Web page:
Will You Also Unsubscribe?

What Do They Want?

“A Completely Crazy Position”

“Let It Go. Give It Up. Throw It Down.”

“I No Longer Identify As A Christian”

Graham, King, and the Two Americas

I Am So Very Sad

Running as a Pro-Jesus Democrat 

Celebrating America the Beautiful 

Surviving a Screen Sabbatical 

Moving the Statue of Liberty

Jesus Loves Obamacare 

Freedom or Confusion?

Praying for the President

And What Do You Do?

Saving the Catholic Church

A View From the Top 

Praying on a Three-Legged Stool 

Was Jesus a Christian?

Keeping My Religion in 2020

What Has Paris To Do With Jerusalem?

Getting Religion in 2020

Religion, Politics, and Election 

Listening to the Preacher 

Making America Great Again

David, Goliath, and Donald

Southern Baptists and United Methodists 

Practicing Exclusion 

Praying for Revival

From the East and the West

Forgetting the Past

Remembering Angela 

Loving Our Neighbor 

Preaching Us Together 

My Theory of Preaching 

Twice A Year

Helping Dr. Mohler 

Reading Thomas Merton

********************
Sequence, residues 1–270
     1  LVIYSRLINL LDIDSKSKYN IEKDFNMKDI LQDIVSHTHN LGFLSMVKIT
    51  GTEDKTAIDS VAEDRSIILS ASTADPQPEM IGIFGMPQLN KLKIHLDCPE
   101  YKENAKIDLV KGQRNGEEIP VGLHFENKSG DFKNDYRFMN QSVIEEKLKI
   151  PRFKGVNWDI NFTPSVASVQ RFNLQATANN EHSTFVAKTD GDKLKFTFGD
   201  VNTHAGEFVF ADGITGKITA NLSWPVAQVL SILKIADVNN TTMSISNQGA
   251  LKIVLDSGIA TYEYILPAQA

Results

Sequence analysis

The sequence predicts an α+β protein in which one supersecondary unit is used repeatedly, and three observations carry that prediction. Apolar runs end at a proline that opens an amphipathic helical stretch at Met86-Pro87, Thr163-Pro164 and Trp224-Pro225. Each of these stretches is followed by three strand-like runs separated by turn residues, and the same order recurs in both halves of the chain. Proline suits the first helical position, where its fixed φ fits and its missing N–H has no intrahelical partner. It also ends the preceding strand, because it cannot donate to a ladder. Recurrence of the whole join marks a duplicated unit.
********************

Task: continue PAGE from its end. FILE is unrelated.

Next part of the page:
Meeting Kevin Cosby

When I Read the Book

Bohemian Encounter

A Future for Baptist Seminaries?

Fear in Politics and Religion

The First Muslim Seminary

Don’t Preach This Sermon

Read.Talk.Pray.Gossip.

The Lilly Endowment 

The Christian Tsunami

Words Seem Like Nonsense 

The Big House in the Middle 

Judge, Preacher,  and Good Samaritan 

I’ll Pass on the Bottle 

A Week of Shame and Pride 

Sabbatical Grace 

Questions for Catholics 

Religious Liberty for All

Resurrection of Kristopher Hampton 

Death of Kristopher Hampton 

All About the Children 

I Pledge my Allegiance

Let’s Move the Statue of Liberty 

Some Preachers of Promise

Southern Baptist Need Pope Francis 

Mystery of the Trump Presidency 

Two Funerals: Graham and Cone 

On the Other Side of Oddville

Here are a few of the articles and stories from my book On the Other Side of Oddville. These were collected from my first series of columns, published by Mercer Press in 2002. You can order a copy by using the response from at the bottom of this page; $20 will cover the cost of the book and mailing. (Checks to Dwight A. Moody).